and how they secured the highest profit
for themselves in that heavenly homeland. (381-92)

We have learned that the Almighty made man and woman
through the fullness of his wonder, and they were
then established in that best corner of the earth,
that the children of men call Paradise-plain,
where there was no want of prosperity while
the word of the Eternal, his holy commandment
would be kept in the newness of their joy.
There hatred harmed them, the malice of their olden-foe,
who offered them eat the fruit of the tree, which they
both ate, with ill counsel over the mercy of God,
and they tasted the forbidden apple. There misery
became bitter for them after the eating and for their heirs,
a grievous feast for their sons and daughters. (393-406)

Their busy teeth were terribly punished after their guilt.
They held the wrath of God, a bitter and baleful sorrow.
Afterwards their child paid for their sorrow, they who
accepted that morsel over the word of the Eternal.
Therefore they must forsake sad-minded the joys of home
through the spite of the serpent, when it deceived
closely our forefather in days of old by its guileful heart,
so that they sought a dwelling far thence
in the valley of death, a sorrowful home.
A better life was hidden from them in shadow,
and that holy plain was closed up fast by the enemy’s wiles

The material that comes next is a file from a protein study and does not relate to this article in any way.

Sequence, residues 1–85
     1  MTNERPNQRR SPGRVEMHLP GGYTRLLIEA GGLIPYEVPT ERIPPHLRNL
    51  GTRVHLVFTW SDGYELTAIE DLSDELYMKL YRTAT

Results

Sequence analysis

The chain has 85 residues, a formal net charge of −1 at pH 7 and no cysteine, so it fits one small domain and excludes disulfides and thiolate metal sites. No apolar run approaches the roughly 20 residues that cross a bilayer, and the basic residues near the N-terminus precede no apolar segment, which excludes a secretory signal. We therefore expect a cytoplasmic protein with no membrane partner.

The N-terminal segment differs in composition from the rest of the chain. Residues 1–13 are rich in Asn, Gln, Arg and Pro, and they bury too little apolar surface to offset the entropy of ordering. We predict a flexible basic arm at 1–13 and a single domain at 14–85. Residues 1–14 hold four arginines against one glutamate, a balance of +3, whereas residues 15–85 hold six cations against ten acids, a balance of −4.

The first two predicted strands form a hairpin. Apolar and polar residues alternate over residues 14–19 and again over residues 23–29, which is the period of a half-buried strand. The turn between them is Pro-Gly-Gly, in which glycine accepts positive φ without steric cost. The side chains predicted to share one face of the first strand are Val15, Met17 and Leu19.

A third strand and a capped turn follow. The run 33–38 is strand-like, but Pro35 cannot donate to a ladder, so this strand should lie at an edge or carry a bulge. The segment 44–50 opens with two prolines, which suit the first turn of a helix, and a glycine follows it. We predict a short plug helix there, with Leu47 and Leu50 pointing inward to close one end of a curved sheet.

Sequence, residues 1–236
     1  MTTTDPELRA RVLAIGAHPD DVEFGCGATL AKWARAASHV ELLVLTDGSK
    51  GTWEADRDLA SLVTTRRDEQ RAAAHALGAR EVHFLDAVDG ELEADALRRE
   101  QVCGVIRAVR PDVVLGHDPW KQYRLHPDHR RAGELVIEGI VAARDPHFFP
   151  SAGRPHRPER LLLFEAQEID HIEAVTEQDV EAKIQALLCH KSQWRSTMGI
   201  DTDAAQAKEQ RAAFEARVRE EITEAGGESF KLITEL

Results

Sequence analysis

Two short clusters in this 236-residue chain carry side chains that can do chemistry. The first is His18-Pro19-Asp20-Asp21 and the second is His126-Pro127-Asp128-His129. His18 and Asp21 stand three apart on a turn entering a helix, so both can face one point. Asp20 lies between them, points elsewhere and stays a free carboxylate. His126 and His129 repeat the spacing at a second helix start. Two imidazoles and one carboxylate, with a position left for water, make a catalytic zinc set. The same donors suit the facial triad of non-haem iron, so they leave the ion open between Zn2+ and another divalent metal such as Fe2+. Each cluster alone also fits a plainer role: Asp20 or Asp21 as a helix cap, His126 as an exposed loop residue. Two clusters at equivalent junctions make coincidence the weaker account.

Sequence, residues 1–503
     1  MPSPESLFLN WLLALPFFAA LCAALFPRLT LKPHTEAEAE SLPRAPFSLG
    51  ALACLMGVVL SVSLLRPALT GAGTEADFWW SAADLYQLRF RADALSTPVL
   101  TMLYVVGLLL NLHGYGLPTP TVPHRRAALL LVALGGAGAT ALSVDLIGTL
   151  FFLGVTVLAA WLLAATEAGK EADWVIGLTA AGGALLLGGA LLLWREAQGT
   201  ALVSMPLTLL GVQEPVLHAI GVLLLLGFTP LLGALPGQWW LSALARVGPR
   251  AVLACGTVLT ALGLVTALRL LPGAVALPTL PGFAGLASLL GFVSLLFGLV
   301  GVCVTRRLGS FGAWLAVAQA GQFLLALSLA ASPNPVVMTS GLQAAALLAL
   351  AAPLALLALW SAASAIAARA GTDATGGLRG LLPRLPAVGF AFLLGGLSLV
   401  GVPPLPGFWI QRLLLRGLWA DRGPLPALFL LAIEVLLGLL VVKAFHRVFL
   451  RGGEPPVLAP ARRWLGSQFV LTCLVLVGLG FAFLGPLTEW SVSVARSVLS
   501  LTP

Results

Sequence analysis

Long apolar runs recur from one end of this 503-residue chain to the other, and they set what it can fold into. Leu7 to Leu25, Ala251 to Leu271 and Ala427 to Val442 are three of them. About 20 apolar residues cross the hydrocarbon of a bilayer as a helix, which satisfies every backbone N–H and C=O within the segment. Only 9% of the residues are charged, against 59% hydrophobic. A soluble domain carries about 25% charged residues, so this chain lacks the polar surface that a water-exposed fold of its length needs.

for many winters, until the Glory-King, the Joy of Mankind,
Comforter of the Weary, and our Only Hope opened it
up again for the holy by his coming hither. (407-23)



This is most like, as learned men say to us wordfully
and reveal by writing, the journey of this bird,
when the aged Phoenix forsakes his home and native seat,
and is grown old. He departs weary-hearted,
weighed down by winters, to where he discovers
a high shelter in the woods, and in that he builds
with the most noble twigs and herbs a new abode,
a nest in the grove. There is a great desire in him
to be allowed, soul-young once again, to take up
through the blast of fire life after death and be renewed,
and then seek out his olden home, his sun-bright land
after the flaming bath. Just so when our forefathers,
Adam and Eve our ancestors, forsook that beautiful plain,
the seat of glory, lovely in their tracks, and undertook
the long journey in the harmer’s hand, where the hater,
the miserable wretch, often did them injury. (424-42)

Nevertheless there were many, who obeyed the Measurer
under the heavens with holy customs, glorious deeds,
so that the Lord, Heaven’s High-King, became kindly in his heart
towards them. That is the high tree in which the blessed
now make their abode, where the olden-foe cannot scathe
them a bit with venom, the sign of sin, in this terrible time. (443-50)

There a nest is wrought for them against every malice
by their glorious deeds and the champion of the Lord
when he gives out alms to the wretched, deprived of glory,
and invokes the Lord, the Father as a fulcrum,
and is well employed on forth, and wipes out the iniquities
of this loaned life, the dark deeds of evil,
and he holds the law of the Measurer bold in his breast,
and seeks out his prayers with clean thoughts,
and bends his knee, noble to the earth, and flies
from every evil, the grim guilts, for terror of God,
and yearns glad-minded to perform deeds of the most good.
The shield of God shall be theirs in every journey,
the Warden of Victories, the Will-Giver of Hosts. (451-65a)

These are the herbs, the fruits of the blossom,
which the wild fowl gather under the sky from far and wide